If you are a ship, plane, or even car modeler, you may be familiar with the company Aoshima. Since I build mostly armor, I was not, nor was I familiar with the Japan Ground Self Defense Force, or their 3½ ton truck. So I decided to do some cyber-surfing to see what I could find out about all three.
Let’s start with the company itself: Aoshima was started in 1923 as an airplane research institute. The League of Nations limited the size of air forces, and some countries got around this by encouraging their citizens to study flying or gliders. In 1929, Aoshima began producing wooden airplane model kits, and have continued to expand their line to include everything from Roman warships to The Starship Enterprise.
Their kits are very popular in Japan, and they have become one of that country’s largest manufacturers of plastic models. They have recently launched a new English language website (for more information click on this link to their site
Next up, the Japan Ground Self Defense Force: the JGSDF came into being on July 1, 1954 after the Allied occupation ended, and was put in place primarily to protect Japan from a possible Russian invasion. Originally not permitted to leave the Islands of Japan, it has since evolved into a five district army, which now includes an Air Force and Navy that have taken part in some modern day international peace keeping operations.
And finally, the truck itself: the box tells us "Commonly known as 3½ ton, this cab over JGSDF utility truck is in service throughout Japan.... With a capability of transporting 1,000 liters of water and catering 200 hundred people, these utilities are widely and actively in service at international contribution and disaster assistance."
Nicknamed the Type 73, this is the JGSDF’s do anything, haul anything tactical truck. It was put into production in 1973, starting with the 440 model. Equipped with a 210 or 250 HP V6 Diesel engine and manual transmission, it has been upgraded by the latest version (the 475, introduced in 199) to a 286 HP V8 diesel engine with an automatic transmission. It's an all-wheel drive, is built on an Isuzu frame, and some models have duel rear wheels. There are too many variants to mention here, but suffice it to say, if you need something towed, transported or even launched by the JGSDF, this is your truck. You can find more about the truck here
. When you are done scrolling down the page, make sure you click on the Tan-Sam link in the bottom right-hand corner of the page. You may find it interesting.
OK, let’s get to the good stuff. The box measures 12" x 8" x 2" with the box top being finished with a very high-gloss cardboard that is absolutely covered with pictures, color chart, what you need for tools, etc., not to mention text in both Japanese and English. The box art is good, with the truck, water wagon, and kitchen wagon all being shown.
One large bag containing the truck parts (4 dark green sprues)
One medium bag containing the water and kitchen wagon parts (3 dark green sprues)
One small bag containing the truck cab, decals, and one clear parts sprue
One instruction sheet
One magnified decal identification sheet (more on that later)
First, let me say that this review will not deal with the accuracy of this kit, although it does appear upon first inspection to be a fairly good rendering of the latest version (the SKW 475), at least after comparing it to photos I have found on the Web. Aoshima makes three different kits of this truck, including the earlier 464 (kit #2346) and the latest version, the 475 (kit # 2322). Those two kits are of the truck only.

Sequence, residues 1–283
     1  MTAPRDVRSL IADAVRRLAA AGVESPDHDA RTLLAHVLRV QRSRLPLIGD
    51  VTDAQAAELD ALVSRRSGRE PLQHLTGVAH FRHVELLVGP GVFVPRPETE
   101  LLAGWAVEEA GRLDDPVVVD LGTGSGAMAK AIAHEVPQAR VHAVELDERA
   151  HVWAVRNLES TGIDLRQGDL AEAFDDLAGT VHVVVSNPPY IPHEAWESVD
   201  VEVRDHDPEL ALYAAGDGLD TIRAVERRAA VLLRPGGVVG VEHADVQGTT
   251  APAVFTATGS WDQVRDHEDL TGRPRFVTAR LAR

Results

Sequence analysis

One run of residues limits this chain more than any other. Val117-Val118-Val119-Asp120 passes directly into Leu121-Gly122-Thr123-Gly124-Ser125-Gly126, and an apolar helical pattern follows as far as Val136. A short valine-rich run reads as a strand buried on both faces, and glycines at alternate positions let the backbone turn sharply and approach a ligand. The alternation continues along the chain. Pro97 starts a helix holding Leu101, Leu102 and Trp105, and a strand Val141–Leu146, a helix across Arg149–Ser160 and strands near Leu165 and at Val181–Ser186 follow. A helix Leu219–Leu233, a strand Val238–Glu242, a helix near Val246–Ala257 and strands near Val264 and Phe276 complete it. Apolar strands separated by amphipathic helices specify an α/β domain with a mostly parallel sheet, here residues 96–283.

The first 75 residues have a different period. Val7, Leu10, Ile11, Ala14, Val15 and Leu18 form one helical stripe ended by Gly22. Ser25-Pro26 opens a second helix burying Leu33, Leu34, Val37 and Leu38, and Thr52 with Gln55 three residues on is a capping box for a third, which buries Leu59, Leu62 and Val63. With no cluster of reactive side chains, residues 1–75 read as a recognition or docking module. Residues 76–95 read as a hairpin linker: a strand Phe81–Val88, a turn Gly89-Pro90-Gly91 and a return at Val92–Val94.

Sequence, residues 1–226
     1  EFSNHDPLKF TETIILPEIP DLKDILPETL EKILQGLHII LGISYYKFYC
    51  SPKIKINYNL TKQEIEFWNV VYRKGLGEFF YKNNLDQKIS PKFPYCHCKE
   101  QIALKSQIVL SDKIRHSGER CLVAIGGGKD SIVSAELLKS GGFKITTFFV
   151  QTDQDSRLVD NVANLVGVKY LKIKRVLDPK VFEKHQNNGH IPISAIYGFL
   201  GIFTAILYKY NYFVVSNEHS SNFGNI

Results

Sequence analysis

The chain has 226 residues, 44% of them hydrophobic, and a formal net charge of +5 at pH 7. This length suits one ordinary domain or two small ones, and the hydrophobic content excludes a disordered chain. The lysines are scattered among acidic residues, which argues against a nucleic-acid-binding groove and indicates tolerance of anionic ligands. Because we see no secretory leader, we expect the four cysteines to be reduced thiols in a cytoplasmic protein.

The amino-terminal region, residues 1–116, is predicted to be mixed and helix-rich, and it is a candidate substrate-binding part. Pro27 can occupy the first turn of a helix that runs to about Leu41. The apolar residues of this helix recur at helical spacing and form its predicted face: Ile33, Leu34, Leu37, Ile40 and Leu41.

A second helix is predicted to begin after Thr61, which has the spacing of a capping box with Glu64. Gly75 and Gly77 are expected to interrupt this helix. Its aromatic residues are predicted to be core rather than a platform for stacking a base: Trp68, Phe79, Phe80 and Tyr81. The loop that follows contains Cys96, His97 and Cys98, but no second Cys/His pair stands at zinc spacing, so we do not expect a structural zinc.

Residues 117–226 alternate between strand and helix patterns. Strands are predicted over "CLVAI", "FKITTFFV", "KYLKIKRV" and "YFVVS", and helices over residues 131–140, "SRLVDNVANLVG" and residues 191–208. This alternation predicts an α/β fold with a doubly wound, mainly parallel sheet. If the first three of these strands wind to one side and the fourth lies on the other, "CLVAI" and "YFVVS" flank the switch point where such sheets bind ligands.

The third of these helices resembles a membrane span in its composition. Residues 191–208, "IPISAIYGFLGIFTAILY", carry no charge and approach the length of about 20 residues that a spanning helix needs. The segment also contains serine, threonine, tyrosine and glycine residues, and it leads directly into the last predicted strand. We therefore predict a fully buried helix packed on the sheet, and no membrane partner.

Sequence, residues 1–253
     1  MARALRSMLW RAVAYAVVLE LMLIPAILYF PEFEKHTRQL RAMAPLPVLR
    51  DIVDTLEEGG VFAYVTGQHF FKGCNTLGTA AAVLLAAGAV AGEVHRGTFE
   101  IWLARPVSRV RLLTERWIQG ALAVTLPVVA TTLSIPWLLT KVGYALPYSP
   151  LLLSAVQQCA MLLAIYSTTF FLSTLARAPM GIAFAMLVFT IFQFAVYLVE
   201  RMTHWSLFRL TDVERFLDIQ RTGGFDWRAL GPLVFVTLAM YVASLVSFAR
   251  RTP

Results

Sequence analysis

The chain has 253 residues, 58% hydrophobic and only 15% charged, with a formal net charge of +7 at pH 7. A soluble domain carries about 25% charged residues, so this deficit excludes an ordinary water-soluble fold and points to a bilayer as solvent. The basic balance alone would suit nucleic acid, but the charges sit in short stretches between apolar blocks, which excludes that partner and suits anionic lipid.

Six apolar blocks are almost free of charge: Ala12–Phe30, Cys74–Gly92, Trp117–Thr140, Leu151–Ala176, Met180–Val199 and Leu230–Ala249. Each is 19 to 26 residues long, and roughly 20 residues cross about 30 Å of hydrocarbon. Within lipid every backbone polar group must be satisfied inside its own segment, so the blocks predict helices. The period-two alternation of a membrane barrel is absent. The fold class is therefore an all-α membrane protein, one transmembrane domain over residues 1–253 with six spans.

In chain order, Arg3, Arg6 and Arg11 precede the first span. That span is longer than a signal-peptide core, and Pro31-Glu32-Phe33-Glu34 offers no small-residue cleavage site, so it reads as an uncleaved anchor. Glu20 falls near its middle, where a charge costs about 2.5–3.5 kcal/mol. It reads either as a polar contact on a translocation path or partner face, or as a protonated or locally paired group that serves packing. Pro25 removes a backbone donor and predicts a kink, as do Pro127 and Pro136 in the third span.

The third kit (the one being reviewed here) is kit #2353, and depicts the 475 version, including the water and kitchen wagon.
Not being familiar with Aoshima, I wasn’t sure what to expect. I am glad to say though, that even with a suggested list of $39.85, this kit has a lot going for it. If you look around some, you should be able to find it for around $25-$30. Remember, you are getting three kits in one box.
And you get a lot for your money: there are approximately 150 pieces inside. The parts are nicely laid-out on the sprues, with the attachment points being placed so as to make it easy to remove them without breakage. The detail is crisp with very little flash to clean up. And I like the way the kit is packaged: truck in one bag, towables in another, clear parts and decals in a third. The wet transfers are of good quality with even an instrument cluster decal being included. Because it's 1/72nd scale, some of the decals are truly microscopic, so the separate, magnified decal guide is a great addition for accurate placement.
The instructions are the fold-out type showing 24 steps. They are a little busy, including both Japanese and English text. I always find the painting guide confusing, with all those squares, circles, and numbers. But after studying it for awhile, it became fairly clear, though it could be improved.
The only thing I could find not really up to par with this kit were the wheels and tires: they're molded as one piece. The front sides show good detail, but the back sides have been left open (as you can see in the pictures). To me, this is a big flaw and would be very hard to fix. With all the other attention to detail in this kit, it surprises me Aoshima has left the wheels in this way.
All in all I found this kit to be well-made, well-packaged, and of good quality. It really only has the one large shortfall that I can see (the backsides of the wheels). If that issue were solved it would improve this kit significantly.